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Opsikion

Theme of Opsikion
Ὀψίκιον, θέμα Ὀψικίου
Theme of the Byzantine Empire
640s/660s–1230s
Location of Opsician Theme
The Asian themes of the Byzantine Empire c. 780.
Capital Ancyra, then Nicaea
Historical era Middle Ages
 -  Establishment as a theme 640s/660s
 -  Fall to the Latins 1234
Today part of  Turkey

The Opsician Theme (Greek: θέμα Ὀψικίου, thema Opsikiou) or simply Opsikion (Greek: [θέμα] Ὀψίκιον, from Latin: Obsequium) was a Byzantine theme (a military-civilian province) located in northwestern Asia Minor (modern Turkey). Created from the imperial retinue army, the Opsikion was the largest and most prestigious of the early themes, being located closest to Constantinople. Involved in several revolts in the 8th century, it was split in three after ca. 750, and lost its former pre-eminence. It survived as a middle-tier theme until after the Fourth Crusade.

Contents

  • History 1
  • See also 2
  • Notes 3
  • References 4
  • Sources 5

History

The Opsician theme was one of the first four themes, and has its origin in the praesental armies of the East Roman army.a[›] The term Opsikion derives from the Latin term Obsequium ("retinue"), which by the early 7th century came to refer to the units escorting the emperor on campaign.[1] It is possible that at an early stage, the Opsikion was garrisoned inside Constantinople itself.[2] In the 640s, however, following the disastrous defeats suffered during the first wave of the Muslim conquests, the remains of the field armies were withdrawn to Asia Minor and settled into large districts, called "themes" (themata).[3] Thus the Opsician theme was the area where the imperial Opsikion was settled, which encompassed all of north-western Asia Minor (Mysia, Bithynia, parts of Galatia, Lydia and Paphlagonia) from the Dardanelles to the Halys River, with Ancyra as its capital. The exact date of the theme's establishment is unknown; the earliest reference points to a creation as early as 626, but the first confirmed occurrence is in 680.[4][5][6] It is possible that it also initially included the area of Thrace, which seems to have been administered jointly with the Opsikion in the late 7th and early 8th centuries.[4][7]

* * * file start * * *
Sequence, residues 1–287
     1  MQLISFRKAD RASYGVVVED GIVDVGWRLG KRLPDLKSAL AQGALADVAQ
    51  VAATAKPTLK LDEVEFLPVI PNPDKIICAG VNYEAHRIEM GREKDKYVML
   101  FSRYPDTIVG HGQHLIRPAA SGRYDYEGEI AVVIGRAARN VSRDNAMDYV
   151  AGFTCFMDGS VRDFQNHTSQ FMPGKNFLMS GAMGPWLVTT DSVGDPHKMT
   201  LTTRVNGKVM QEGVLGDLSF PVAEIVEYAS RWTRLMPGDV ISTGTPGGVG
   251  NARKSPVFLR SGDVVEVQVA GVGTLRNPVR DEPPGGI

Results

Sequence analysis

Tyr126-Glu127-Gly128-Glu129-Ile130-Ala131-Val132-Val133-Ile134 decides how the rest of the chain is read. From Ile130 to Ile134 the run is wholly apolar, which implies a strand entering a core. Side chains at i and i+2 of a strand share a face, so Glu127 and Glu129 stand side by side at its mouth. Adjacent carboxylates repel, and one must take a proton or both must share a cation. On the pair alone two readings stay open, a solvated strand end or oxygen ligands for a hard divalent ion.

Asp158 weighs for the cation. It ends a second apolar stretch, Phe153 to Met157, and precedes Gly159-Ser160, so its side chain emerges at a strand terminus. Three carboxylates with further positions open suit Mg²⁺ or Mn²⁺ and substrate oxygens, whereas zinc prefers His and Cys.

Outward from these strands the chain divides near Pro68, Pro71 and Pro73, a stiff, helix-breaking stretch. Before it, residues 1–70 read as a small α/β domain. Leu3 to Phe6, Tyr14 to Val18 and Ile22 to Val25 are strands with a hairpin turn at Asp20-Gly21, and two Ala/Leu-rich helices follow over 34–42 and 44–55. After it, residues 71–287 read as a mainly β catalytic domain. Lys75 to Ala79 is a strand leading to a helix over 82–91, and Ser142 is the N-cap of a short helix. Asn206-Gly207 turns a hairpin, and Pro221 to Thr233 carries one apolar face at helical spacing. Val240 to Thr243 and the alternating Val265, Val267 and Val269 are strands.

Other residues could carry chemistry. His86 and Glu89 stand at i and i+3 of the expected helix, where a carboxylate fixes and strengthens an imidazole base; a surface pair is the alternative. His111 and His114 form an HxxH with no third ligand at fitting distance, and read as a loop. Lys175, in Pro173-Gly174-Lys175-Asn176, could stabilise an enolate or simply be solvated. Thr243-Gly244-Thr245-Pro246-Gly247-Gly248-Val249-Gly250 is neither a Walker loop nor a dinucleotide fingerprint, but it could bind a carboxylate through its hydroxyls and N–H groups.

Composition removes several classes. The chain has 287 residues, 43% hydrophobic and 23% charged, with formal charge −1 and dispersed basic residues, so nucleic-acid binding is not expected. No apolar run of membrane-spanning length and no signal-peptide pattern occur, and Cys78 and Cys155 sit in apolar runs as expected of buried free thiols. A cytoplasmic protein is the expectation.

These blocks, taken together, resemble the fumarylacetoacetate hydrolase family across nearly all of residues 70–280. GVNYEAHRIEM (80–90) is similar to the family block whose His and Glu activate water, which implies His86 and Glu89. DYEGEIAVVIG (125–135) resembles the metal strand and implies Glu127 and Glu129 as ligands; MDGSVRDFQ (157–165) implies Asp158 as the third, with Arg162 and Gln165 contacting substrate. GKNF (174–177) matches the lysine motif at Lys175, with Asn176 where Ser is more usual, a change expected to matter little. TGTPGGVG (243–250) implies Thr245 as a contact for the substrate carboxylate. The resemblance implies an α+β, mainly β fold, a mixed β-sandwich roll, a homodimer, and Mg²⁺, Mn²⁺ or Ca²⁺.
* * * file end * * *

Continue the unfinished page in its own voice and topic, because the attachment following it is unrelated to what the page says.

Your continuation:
The unique origin of the Opsikion was reflected in several aspects of the theme's organization. Thus the title of its commander was not stratēgos (στρατηγός, "general") as with the other themes, but komēs (κόμης, "count"), in full komēs tou basilikou Opsikiou (κόμης τοῦ βασιλικοῦ Ὀψικίου, "Count of the imperial Opsikion").[4] Furthermore, it was not divided into tourmai, but into domesticates formed from the elite corps of the old army, such as the Optimatoi and Boukellarioi, both terms dating back to the recruitment of Gothic foederati in the 4th–6th centuries.[8] Its prestige is further illustrated by the seals of its commanders, where it is called the "God-guarded imperial Opsikion" (θεοφύλακτον βασιλικόν ὀψίκιον; Latin: a Deo conservandum imperiale Obsequium).[6]

Being the theme closest to the imperial capital Constantinople and enjoying a position of pre-eminence among the other themes, the counts of the Opsikion were often tempted to revolt against the emperors. Already in 668, on the death of Emperor Constans II in Sicily, the count Mezezius staged an abortive coup.[9] Under the patrikios Barasbakourios, the Opsikion was the main power-base of Emperor Justinian II (r. 685–695 and 705–711).[6] Justinian II also settled many Slavs captured in Thrace there, in an attempt to boost its military strength. Most of them, however, deserted to the Arabs on the first battle.[10] In 713, the Opsikian army rose up against Philippikos Bardanes (r. 711–713), the man who overthrew and murdered Justinian, and enthroned Anastasios II (r. 713–715), only to overthrow him too in 715 and install Theodosios III (r. 715–717) in his place.[11] In 717, the Opsicians supported the rise of Leo III the Isaurian (r. 717–740) to the throne, but in 718, their count, the patrikios Isoes, rose up unsuccessfully against him.[6] In 741–742, the kouropalatēs Artabasdos used the theme as a base for his brief usurpation of Emperor Constantine V (r. 741–775). In 766, another count was blinded after a failed mutiny against the same emperor.[5] The revolts of the Opsician theme against the Isaurian emperors were not only the result of its counts' ambition: the Opsicians were staunchly iconodule, and opposed to the iconoclast policies of the Isaurian dynasty.[12] As a result, Emperor Constantine V set out to weaken the theme's power by splitting off the new themes of the Boukellarioi and the Optimatoi.[13][14] At the same time, the emperor recruited a new set of elite and staunchly iconoclast guard regiments, the tagmata.[13][15]